Like almost all the modernists in Los Angeles in the 1920s, Kem Weber was a transplant to the city. He was born Karl Emanuel Martin Weber (in his twenties, he began using his initials as his first name) in Berlin in 1889. After serving as an apprentice cabinetmaker in his teens, he studied architecture and interior design with Bruno Paul at the School of Applied Arts (Kunstgewerbeschule) in Berlin and later worked in Paul’s architectural office.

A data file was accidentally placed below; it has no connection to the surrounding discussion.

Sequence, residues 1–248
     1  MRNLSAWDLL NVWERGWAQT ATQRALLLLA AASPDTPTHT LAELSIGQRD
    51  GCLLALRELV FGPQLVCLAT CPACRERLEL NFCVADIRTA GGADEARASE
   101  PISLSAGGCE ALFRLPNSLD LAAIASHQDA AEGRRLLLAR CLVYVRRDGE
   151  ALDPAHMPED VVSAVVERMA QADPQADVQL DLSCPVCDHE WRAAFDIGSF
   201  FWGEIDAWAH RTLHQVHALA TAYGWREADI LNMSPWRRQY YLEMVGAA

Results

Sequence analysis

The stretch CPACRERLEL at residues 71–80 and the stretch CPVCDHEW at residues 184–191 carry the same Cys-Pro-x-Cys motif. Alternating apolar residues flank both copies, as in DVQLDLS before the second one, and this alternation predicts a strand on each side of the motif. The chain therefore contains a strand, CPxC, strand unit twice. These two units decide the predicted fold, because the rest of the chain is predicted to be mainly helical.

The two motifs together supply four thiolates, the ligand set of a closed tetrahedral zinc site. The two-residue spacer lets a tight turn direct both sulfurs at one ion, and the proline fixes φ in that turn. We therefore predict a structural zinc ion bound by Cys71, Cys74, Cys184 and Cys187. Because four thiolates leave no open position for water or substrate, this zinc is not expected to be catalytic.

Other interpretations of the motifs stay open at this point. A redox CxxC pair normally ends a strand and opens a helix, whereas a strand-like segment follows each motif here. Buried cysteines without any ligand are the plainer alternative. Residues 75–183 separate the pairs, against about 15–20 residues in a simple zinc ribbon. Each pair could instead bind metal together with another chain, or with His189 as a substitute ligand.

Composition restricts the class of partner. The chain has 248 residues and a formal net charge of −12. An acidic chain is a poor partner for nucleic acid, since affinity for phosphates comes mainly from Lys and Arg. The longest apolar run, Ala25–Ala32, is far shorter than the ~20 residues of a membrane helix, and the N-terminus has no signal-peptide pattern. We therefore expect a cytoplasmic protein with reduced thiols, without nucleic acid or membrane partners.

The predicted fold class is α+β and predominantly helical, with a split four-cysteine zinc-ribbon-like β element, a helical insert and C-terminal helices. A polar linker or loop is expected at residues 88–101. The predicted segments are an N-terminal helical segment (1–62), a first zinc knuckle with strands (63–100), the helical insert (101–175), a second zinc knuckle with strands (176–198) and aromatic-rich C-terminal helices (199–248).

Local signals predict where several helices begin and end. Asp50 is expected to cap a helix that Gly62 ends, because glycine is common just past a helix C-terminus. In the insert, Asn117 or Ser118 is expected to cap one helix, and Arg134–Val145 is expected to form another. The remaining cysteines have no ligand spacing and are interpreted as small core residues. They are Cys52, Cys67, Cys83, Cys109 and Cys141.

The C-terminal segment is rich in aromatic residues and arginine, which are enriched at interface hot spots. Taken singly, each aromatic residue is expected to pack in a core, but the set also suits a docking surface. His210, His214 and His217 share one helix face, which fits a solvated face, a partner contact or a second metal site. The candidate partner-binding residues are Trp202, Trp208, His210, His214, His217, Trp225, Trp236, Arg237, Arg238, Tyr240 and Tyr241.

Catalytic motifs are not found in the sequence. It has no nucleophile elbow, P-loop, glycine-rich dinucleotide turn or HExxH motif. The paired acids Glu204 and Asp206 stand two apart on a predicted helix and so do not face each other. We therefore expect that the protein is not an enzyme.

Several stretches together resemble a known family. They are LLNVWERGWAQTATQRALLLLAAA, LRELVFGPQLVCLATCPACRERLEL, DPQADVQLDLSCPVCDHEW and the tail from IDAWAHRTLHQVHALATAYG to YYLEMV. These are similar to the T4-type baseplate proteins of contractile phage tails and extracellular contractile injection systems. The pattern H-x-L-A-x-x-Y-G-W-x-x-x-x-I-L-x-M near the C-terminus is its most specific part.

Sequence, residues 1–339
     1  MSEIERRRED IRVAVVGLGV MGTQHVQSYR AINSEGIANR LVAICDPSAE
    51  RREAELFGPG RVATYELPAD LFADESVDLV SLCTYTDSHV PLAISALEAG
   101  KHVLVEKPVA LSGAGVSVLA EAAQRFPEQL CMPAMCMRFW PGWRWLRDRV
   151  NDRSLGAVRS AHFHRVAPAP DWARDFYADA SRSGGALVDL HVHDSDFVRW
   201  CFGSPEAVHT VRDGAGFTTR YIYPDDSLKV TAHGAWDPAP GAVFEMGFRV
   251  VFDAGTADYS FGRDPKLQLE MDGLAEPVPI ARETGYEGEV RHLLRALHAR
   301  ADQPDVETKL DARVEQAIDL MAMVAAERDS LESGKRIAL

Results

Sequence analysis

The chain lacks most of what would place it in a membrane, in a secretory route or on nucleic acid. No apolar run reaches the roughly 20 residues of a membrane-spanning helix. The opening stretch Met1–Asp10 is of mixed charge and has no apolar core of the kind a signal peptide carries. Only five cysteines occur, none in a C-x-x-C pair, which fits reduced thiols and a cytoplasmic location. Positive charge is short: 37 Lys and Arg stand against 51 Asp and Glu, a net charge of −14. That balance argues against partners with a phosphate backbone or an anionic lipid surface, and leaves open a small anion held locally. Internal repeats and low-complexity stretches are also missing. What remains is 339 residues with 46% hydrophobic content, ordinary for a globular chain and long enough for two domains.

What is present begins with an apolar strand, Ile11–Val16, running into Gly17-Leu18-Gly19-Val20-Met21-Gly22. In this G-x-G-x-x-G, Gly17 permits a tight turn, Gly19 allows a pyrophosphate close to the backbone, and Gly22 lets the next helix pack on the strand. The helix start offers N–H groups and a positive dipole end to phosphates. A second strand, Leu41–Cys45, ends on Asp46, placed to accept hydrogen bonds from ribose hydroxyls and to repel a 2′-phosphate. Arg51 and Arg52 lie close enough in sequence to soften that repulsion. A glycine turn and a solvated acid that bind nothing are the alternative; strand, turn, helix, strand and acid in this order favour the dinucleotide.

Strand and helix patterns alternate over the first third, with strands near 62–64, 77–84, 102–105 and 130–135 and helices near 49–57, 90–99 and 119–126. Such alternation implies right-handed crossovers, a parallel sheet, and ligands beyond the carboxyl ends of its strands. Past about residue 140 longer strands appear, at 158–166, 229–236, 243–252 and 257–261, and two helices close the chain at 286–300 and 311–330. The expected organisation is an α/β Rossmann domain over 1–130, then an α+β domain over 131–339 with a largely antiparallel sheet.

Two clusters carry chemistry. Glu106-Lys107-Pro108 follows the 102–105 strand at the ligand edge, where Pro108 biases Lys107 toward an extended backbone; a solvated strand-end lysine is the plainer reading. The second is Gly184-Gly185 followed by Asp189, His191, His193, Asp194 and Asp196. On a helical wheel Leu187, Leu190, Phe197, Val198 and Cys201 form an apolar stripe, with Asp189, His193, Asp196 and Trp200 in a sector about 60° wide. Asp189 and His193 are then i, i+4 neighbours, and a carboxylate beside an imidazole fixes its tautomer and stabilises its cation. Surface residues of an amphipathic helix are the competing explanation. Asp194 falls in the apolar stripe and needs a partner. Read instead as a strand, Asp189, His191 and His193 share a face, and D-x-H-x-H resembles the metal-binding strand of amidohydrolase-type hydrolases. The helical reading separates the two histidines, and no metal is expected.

In the early summer of 1914, he traveled to San Francisco to supervise the building of the German Pavilion for the Panama-Pacific International Exposition, but when the war erupted in Europe in August, he found himself stranded in the United States. Seeing greater opportunity in the New World, Weber stayed in the United States after the war ended, later becoming a U. S. citizen in 1924.